Balanced Literacy

by temurray
Last updated 7 years ago

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Balanced Literacy

SHARED READINGUsing a big book or enlarged text that all students can see, the teacher involves students in the process of reading and rereading big books, poems, songs, retellings, alternative texts, and products of writing.PURPOSE:- explicitly demonstrate early strategies, and the process of reading extended texts- build sense of story and ability to predict- involve students in the enjoyment and purpose for reading- provide peer support and the opportunity to participate and behave like a reader- build a known body of texts for other activities

GUIDED READINGThe teacher selects and introduces new texts to a group of students with similar instructional needs. The students read the entire text by themselves with just the right amount of support before, during and after reading. PURPOSE: - provide students with many varied texts to read at their instructional level - problem-solve while reading for meaning - use strategies on extended text - attend to words in text- challenge students and create a context for successful processing of new texts- guide, demonstrate and explain the processing of new texts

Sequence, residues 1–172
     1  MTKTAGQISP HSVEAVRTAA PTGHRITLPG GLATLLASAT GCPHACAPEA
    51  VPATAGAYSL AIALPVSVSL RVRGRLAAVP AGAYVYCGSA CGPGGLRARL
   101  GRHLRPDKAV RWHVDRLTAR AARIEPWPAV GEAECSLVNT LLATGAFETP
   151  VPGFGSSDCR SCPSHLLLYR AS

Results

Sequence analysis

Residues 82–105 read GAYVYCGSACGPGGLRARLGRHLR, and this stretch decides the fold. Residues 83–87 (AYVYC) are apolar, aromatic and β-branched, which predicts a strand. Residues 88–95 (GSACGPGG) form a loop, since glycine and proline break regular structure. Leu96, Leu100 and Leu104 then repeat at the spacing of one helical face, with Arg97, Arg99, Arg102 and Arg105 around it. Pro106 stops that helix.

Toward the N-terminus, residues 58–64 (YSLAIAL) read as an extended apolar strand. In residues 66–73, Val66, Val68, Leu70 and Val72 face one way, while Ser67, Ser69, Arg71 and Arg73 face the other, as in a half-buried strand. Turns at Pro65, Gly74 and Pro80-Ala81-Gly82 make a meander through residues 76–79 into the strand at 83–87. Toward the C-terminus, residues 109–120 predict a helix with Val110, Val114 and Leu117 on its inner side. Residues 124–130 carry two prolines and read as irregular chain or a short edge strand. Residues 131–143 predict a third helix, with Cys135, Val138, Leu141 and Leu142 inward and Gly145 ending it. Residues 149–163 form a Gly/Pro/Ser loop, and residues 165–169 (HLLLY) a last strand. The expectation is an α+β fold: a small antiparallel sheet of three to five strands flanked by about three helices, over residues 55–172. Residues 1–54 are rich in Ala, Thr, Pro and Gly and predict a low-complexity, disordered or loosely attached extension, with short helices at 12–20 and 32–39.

INDEPENDENT READINGStudents read a variety of texts independently at their independent reading level. Teacher provides instruction for selecting texts at independent levels.PURPOSE:- apply reading strategies independently, support peers, and sustain reading behaviors- independently decode words and process texts- develop fluency through rereading- build confidence through sustained successful reading

READ ALOUDThe teacher reads aloud to the whole class. Texts are from a variety of genres (fiction, non-fiction, poetry) and represent our diverse society. Favorite texts may be read multiple times.PURPOSE:- involve students in reading for enjoyment- create a community of readers- demonstrate reading for a purpose- provide adult modeling of fluent reading- develop sense of story, knowledge of written language syntax and how texts are structured- increase vocabulary, linguistic repertoire, and oral language development- make complex ideas available to students- promote comprehension development

Targeting Reading:Hitting the Mark!




All text comes directly from the Myers Elementary Wikispace


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